To the second question, I think both the writers and viewers could be served well with some idea of where the show is taking place even as this geographic identity may mean little for the show. Our everyday lives are highly impacted by the spaces in which we operate, even if critics would argue suburbanization has rendered all the American suburbs the same or globalization has homogenized experiences within and across cultures. It might be hard to truly invest in a story or narrative arc if it literally could take place anywhere. Having a recognizable place or name at least gives people something to work with in their imaginations, even if the shows do not fully explore their geographic context. The small nods to geography can also serve to help differentiate shows from each other: the New York version is slightly different compared to the Los Angeles or the Chicago version. (Again, we usually do not get a broad palette of American locations but rather easily identifiable locations.) If anything, the restricted number of possible locations helps studios who can make backlots look like many places. (And you can see this on studio tours: we took a tour a few years ago of Warner Bros. where the set for Gilmore Girls, small town Connecticut, Desperate Housewives, suburban everywhere, and the big city were all a short distance from each other. And once you have viewed these sets up close, you see them all over in commercials, shows, and films.)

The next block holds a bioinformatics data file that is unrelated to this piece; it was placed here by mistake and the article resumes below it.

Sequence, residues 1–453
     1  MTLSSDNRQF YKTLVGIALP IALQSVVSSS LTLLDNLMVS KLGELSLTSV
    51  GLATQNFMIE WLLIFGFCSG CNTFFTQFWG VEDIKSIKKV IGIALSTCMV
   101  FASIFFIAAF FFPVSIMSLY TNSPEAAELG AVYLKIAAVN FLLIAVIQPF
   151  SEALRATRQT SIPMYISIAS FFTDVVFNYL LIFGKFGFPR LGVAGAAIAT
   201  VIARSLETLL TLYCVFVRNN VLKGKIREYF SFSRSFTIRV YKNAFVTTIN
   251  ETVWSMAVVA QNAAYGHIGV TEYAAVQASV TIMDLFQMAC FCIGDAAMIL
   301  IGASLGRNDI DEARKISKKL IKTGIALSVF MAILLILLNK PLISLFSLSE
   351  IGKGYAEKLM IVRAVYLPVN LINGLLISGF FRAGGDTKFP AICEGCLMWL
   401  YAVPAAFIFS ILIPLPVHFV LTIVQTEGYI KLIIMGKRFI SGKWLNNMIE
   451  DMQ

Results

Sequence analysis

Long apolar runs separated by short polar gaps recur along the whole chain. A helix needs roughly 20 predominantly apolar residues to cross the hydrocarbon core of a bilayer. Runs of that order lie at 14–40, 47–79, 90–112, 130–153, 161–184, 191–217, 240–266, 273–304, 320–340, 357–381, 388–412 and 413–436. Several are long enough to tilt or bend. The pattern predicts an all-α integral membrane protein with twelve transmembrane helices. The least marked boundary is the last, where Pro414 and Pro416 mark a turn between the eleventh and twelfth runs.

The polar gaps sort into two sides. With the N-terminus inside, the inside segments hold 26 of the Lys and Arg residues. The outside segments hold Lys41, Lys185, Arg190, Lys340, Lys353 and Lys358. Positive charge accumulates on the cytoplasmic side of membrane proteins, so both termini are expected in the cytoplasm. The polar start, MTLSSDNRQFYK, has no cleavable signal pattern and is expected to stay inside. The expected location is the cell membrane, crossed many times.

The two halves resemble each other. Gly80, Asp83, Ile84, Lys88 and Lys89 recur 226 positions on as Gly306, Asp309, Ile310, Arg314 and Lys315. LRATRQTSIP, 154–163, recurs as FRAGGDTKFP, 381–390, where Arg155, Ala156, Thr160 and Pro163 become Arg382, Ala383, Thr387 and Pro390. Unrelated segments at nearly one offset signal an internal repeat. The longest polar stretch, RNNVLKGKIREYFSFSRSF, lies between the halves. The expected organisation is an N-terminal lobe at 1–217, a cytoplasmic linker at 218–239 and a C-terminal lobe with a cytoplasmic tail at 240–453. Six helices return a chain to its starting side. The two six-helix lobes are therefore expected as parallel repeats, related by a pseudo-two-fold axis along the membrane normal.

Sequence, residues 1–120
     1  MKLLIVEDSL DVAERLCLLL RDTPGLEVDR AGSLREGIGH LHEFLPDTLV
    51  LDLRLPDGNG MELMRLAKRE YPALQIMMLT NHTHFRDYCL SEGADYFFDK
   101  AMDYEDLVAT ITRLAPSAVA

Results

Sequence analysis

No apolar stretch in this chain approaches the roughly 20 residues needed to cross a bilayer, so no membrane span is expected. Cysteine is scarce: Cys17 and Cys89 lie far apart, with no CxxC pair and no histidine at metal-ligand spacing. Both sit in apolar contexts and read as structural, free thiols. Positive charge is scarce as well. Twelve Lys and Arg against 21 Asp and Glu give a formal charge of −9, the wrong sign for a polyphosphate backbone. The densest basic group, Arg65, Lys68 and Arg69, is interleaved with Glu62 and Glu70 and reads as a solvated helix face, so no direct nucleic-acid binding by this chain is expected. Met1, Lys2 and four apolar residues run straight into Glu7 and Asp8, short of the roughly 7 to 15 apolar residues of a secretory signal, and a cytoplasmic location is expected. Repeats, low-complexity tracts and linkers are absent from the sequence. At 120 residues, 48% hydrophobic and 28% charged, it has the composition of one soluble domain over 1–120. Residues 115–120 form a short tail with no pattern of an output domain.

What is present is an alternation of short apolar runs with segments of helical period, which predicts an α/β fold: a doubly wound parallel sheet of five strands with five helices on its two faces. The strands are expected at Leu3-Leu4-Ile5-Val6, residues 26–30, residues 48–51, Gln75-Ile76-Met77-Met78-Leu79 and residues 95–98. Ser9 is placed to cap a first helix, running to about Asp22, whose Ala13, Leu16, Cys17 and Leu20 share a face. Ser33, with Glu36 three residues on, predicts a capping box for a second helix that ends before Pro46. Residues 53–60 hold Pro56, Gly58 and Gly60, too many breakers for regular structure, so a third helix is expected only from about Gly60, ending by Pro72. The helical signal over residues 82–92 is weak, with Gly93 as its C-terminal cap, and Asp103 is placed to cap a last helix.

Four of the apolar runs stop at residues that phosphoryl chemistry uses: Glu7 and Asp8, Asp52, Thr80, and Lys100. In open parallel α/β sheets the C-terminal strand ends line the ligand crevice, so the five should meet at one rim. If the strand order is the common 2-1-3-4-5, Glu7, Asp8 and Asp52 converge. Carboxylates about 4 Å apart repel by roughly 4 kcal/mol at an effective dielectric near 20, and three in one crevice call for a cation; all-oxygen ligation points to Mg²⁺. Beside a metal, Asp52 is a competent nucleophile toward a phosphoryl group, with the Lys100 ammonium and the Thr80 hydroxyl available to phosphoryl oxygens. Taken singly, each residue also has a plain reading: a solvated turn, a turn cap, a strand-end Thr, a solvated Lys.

Coming back to Roseanne: I do not think it really matters that it is modeled on Elgin, Illinois or uses an exterior shot of a home from Evansville, Indiana. It could easily be set outside of Milwaukee, Cleveland, Buffalo, and dozens of other locations where working-class Americans live. Having a rough approximation of a location outside of Chicago may have helped writers and viewers place the show but it is not terribly consequential for the themes of the show or the characters.